Deep Phenotyping of Headache in Hospitalized COVID-19 Patients via Principal Component Analysis
|Deep Phenotyping of Headache in Hospitalized COVID-19 Patients via Principal Component Analysis
|Year of Publication
|Planchuelo-Gómez, Á., J. Trigo, R. de Luis-García, Á. L. Guerrero, J. Porta-Etessam, and D. García-Azorín
|Frontiers in Neurology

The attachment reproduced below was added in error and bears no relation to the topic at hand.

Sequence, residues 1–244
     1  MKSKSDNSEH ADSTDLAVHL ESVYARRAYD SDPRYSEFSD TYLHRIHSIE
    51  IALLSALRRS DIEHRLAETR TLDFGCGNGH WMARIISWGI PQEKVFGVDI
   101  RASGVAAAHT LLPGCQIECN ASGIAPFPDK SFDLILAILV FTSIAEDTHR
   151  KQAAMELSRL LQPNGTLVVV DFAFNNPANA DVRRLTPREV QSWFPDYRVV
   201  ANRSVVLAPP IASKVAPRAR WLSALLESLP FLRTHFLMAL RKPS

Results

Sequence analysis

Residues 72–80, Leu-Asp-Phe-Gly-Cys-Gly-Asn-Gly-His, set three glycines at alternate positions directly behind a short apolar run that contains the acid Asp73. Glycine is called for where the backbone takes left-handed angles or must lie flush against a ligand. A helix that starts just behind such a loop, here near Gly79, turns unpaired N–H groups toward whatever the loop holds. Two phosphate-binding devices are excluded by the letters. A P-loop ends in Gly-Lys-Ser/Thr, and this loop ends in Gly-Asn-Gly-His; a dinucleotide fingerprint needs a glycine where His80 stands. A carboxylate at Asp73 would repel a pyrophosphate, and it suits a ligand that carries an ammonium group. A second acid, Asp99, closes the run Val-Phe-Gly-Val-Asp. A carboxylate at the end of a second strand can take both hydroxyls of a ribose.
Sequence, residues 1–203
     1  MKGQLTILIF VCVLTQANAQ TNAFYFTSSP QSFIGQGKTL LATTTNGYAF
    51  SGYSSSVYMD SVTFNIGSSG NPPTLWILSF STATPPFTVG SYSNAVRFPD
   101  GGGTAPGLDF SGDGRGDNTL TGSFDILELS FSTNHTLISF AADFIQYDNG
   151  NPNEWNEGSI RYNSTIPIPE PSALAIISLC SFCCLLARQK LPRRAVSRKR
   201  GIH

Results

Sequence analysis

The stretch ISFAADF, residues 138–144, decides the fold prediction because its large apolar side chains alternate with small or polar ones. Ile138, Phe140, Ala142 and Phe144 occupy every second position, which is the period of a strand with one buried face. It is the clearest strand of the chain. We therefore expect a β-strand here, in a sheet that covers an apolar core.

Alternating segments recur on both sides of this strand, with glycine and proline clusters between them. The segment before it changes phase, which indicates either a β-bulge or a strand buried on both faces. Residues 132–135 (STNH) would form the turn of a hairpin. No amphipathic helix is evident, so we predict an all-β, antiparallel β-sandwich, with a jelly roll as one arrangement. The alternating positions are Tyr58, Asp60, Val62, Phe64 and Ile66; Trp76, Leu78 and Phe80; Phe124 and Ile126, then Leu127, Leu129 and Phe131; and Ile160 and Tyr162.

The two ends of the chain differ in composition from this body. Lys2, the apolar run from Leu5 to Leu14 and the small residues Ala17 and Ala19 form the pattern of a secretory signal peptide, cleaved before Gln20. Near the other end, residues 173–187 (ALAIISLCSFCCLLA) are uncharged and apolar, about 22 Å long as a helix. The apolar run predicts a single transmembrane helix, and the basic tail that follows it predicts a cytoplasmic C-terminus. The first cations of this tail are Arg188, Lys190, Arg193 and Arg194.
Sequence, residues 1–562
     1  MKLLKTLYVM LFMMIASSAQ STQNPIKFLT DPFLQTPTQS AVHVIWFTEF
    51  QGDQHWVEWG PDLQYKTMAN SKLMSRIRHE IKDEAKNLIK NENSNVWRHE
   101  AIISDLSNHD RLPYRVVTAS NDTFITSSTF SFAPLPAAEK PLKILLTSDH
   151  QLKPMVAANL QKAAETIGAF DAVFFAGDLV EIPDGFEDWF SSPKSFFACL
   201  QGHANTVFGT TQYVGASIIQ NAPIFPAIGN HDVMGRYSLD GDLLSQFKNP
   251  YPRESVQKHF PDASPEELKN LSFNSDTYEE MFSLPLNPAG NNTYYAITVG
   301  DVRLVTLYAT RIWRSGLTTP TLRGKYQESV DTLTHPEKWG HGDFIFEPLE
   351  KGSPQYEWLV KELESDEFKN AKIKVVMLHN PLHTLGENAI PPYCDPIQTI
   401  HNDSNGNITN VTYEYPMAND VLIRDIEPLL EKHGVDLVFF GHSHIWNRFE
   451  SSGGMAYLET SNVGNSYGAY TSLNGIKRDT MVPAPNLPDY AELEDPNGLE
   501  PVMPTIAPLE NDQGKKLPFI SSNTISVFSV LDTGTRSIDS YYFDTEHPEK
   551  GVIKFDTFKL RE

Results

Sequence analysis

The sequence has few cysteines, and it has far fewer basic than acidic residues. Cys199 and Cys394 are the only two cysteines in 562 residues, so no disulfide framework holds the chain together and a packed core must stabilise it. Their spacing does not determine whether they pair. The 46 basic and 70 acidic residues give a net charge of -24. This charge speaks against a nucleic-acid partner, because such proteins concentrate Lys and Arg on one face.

Objectives: Headache is a common symptom in systemic infections, and one of the symptoms of the novel coronavirus disease 2019 (COVID-19). The objective of this study was to characterize the phenotype of COVID-19 headache via machine learning.Methods: We performed a cross-sectional study nested in a retrospective cohort. Hospitalized patients with COVID-19 confirmed diagnosis who described headache were included in the study. Generalized Linear Models and Principal Component Analysis were employed to detect associations between intensity and self-reported disability caused by headache, quality and topography of headache, migraine features, COVID-19 symptoms, and results from laboratory tests.Results: One hundred and six patients were included in the study, with a mean age of 56.6 ± 11.2, including 68 (64.2%) females. Higher intensity and/or disability caused by headache were associated with female sex, fever, abnormal platelet count and leukocytosis, as well as migraine symptoms such as aggravation by physical activity, pulsating pain, and simultaneous photophobia and phonophobia. Pain in the frontal area (83.0% of the sample), pulsating quality, higher intensity of pain, and presence of nausea were related to lymphopenia. Pressing pain and lack of aggravation by routine physical activity were linked to low C-reactive protein and procalcitonin levels.Conclusion: Intensity and disability caused by headache attributed to COVID-19 are associated with the disease state and symptoms. Two distinct headache phenotypes were observed in relation with COVID-19 status. One phenotype seems to associate migraine symptoms with hematologic and inflammatory biomarkers of severe COVID-19; while another phenotype would link tension-type headache symptoms to milder COVID-19.